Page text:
Let's start with five songs you may have never heard because they weren't released as singles (but should have been) or never made it very high up the charts.
This is a song Dolly Parton would have made a hit from during the '70s. A beautifully told story about love and the human spirit, with simple, swelling music and Hope's clear, strong voice, it's just a shame country radio has lost its taste for this kind of song. More people should here and be touched by its power and promise.
I love the story of heartbreak that is so visually painted with these lyrics: "That old porch swing, those songs we sang and the cold and bitter truth... the heaven we had, the hell that I'm going through, other than that, there ain't much left of lovin' you." Great guitar and drums drive the song along like a man falling head-first into a bottle.
This little-noticed single (it peaked at 35) shows Owen is a vocal powerhouse and I have no idea why it wasn't embraced by radio. Too cowboy-sounding? I loved the old Western sound of it. Is Owen's country hottie/bad boy image coming back to haunt him? Did the video's '70s porn vibe turn people off? Possibly. Let's hope the new CD promised in 2011 will get Owen the attention his singing and songwriting deserves, and the bad boy persona is laid to rest. With his talent, he doesn't need it. Don't believe me? See him live and you'll be a believer.
A sad and beautiful little cut from the otherwise goofy fun "Hillbilly Bone" CD -- I mean six-pack (let's leave that idea behind in 2010!) -- "Delilah" highlights Shelton's vocal and songwriting prowess. This song really should have been a single.
I'm hoping there still might be a chance we'll get "Draggin' the River" -- Blake's upbeat, twangy, funny duet with finance Miranda Lambert on the radio. I've heard that it won't be released because Blake and Miranda are on different labels. Come on, country radio -- you got Brad Paisley to release "This is Country Music" early. Why not use your muscle to get "Draggin' the River" released. Think of it as a wedding present!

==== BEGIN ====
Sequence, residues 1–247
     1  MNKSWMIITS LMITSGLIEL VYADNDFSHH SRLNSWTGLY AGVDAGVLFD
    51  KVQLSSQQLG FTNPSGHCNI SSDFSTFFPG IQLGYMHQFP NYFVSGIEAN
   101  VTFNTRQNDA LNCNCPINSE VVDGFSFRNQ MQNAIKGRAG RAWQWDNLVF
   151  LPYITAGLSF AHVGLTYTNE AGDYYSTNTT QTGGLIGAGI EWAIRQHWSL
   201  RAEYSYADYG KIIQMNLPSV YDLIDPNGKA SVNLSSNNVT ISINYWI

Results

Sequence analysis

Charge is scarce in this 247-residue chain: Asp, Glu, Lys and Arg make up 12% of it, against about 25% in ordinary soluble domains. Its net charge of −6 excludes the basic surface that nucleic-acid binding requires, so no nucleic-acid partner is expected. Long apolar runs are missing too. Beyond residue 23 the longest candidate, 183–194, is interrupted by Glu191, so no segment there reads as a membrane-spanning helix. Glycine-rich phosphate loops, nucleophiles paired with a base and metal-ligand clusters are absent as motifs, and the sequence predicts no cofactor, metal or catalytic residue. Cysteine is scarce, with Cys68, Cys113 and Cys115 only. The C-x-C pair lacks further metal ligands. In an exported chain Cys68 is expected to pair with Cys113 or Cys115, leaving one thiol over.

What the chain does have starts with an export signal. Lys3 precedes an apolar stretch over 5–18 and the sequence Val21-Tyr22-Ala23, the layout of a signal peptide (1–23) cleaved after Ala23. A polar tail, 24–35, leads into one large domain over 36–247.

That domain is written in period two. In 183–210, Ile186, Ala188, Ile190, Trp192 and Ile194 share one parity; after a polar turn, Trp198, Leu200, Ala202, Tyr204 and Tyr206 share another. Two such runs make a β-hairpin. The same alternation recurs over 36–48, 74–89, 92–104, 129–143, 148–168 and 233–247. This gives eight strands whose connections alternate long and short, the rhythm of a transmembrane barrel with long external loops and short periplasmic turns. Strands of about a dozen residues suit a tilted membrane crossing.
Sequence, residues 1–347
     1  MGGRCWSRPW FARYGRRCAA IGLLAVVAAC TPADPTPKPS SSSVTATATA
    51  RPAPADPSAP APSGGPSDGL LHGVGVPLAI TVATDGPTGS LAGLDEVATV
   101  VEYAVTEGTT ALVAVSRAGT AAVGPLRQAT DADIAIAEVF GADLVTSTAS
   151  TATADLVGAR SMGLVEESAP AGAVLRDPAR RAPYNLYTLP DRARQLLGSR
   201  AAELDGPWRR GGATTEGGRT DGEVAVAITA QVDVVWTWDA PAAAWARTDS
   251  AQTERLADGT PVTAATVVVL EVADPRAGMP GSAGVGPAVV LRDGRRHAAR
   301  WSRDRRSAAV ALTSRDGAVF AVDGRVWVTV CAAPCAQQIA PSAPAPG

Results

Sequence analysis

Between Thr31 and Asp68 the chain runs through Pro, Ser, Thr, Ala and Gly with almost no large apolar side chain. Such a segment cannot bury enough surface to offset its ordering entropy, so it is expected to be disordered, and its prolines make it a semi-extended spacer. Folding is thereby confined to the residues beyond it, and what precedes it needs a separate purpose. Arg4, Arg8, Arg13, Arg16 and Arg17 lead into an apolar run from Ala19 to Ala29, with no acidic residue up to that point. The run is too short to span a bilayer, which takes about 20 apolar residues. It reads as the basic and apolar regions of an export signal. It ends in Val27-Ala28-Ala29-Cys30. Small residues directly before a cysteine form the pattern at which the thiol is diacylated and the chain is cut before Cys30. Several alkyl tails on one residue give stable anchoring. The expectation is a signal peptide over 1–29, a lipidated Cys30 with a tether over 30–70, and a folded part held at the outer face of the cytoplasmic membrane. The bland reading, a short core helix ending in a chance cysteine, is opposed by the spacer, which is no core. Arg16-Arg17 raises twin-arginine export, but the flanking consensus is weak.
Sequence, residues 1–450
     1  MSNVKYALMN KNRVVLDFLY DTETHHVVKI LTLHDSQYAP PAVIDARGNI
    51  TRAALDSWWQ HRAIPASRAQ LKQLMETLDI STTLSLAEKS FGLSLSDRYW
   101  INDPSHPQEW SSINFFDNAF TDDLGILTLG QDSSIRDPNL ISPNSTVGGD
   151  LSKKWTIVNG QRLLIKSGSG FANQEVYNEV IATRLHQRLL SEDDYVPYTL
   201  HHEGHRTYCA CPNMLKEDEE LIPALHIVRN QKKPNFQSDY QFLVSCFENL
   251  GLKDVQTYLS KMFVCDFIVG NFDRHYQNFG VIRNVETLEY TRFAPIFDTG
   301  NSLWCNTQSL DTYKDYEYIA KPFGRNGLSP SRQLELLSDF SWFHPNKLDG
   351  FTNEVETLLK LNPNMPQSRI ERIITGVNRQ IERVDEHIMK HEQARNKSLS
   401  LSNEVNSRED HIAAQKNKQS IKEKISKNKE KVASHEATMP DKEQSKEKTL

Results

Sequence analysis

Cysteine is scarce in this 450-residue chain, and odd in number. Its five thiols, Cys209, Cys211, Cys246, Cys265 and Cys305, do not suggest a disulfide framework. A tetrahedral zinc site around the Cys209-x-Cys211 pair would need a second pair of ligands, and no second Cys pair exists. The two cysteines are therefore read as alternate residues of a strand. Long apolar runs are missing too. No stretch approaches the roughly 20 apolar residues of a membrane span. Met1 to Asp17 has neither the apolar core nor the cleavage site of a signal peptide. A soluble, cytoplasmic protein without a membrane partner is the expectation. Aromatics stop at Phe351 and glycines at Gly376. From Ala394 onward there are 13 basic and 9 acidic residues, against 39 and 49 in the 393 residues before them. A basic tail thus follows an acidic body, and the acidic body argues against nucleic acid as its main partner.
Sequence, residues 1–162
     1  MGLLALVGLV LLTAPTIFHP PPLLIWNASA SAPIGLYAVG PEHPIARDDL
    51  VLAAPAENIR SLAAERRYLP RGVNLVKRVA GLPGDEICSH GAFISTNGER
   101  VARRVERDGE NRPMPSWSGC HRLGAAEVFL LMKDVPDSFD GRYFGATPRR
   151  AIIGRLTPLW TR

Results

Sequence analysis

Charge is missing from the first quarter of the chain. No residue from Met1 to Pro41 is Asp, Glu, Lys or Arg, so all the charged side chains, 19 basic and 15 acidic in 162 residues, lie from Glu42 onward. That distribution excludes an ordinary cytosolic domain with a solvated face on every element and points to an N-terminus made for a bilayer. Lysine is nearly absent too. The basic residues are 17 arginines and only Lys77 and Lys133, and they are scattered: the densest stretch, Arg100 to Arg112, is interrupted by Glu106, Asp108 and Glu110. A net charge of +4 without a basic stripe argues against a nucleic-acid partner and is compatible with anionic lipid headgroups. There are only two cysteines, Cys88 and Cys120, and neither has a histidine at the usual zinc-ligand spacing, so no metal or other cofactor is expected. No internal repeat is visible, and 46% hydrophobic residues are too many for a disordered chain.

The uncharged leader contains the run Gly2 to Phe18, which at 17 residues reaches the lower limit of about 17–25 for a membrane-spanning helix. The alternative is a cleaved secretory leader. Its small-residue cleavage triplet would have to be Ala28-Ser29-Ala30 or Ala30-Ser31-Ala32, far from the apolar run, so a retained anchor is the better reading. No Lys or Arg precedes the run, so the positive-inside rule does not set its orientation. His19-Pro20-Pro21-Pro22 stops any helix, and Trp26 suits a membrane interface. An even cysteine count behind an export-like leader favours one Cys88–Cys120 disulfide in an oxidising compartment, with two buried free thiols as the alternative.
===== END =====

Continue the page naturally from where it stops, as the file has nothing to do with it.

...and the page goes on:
Probably my favorite song on the excellent "I'm About to Come Alive" CD, the bluesy music, fascinating storyline and outstanding vocals (with help from Miranda Lambert) leave me feeling like I just watched a great old movie that I want to see again and again. Every note, perfection! Why wasn't this a single in 2010?! Can we hope for it in 2011?
And now the songs you did hear...
5. "The Boys of Fall" Kenny Chesney
This song sounds beautiful, tells a compelling story and touches the heart with its earnestness and passion. I knew it would be a hit the first time I heard it, and I never change the station when it's on. (I'll leave others to speculate as to why one of they year's most heart-felt love songs is about football players.)
4. "She Won't Be Lonely Long" Clay Walker and "Love Like Crazy" Lee Brice (tie)
I put these two together because they remind me of the classic country of my youth. Simple stories, strong (but not show-stopping or overwhelming) vocals, and charming music that just lets the story play out. Refreshing, both of them. I'm not surprised neither made it to number one because they're kind of old fashioned. But I do love them both.
2. "Highway 20 Ride" Zac Brown Band
This song is so sad, sweet and beautiful, it makes me cry every damn time I hear it. Awesome songwriting, understated music, great harmonies. It tells a story that touches the heart. ("As She's Walking Away" is also great.)
1. "The Truth" Jason Aldean
Go away, you haters. Say what you will about Jason Aldean's brand of rockin' country (which I happen to love), you can't deny that this haunting ballad of a broken man is pure country worthy of Waylon or Cash. Or at least Crazy Heart's Bad Blake.
Other songs I loved in 2010: "Suffocating" by Blake Shelton; "From a Table Away" by Sunny Sweeney; "Hell on the Heart" and "Smoke a Little "Smoke" by Eric Church; "Way Out Here" and "Won't Be Lonely Long" by Josh Thompson; "The Call" by Matt Kennon; "Little White Church" by Little Big Town, "Mine" by Taylor Swift; "Lies" by Martina McBride; "Up on the Ridge" and "Draw Me a Map" by Dierks Bentley; "Hello World" by Lady Antebellum; "The Man I Want to Be" and "Rainy Night in Georgia" by Chris Young.